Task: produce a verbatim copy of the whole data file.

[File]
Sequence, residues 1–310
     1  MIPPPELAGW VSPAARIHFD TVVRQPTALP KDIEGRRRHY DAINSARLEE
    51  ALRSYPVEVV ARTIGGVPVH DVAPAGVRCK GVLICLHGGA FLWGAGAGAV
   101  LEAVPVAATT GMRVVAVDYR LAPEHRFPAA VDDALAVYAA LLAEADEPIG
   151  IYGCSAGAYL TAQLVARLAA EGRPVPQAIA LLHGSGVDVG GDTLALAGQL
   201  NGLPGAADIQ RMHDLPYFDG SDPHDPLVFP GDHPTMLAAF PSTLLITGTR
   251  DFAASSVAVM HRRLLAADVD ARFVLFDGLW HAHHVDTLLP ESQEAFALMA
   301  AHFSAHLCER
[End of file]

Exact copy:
Sequence, residues 1–310
     1  MIPPPELAGW VSPAARIHFD TVVRQPTALP KDIEGRRRHY DAINSARLEE
    51  ALRSYPVEVV ARTIGGVPVH DVAPAGVRCK GVLICLHGGA FLWGAGAGAV
   101  LEAVPVAATT GMRVVAVDYR LAPEHRFPAA VDDALAVYAA LLAEADEPIG
   151  IYGCSAGAYL TAQLVARLAA EGRPVPQAIA LLHGSGVDVG GDTLALAGQL
   201  NGLPGAADIQ RMHDLPYFDG SDPHDPLVFP GDHPTMLAAF PSTLLITGTR
   251  DFAASSVAVM HRRLLAADVD ARFVLFDGLW HAHHVDTLLP ESQEAFALMA
   301  AHFSAHLCER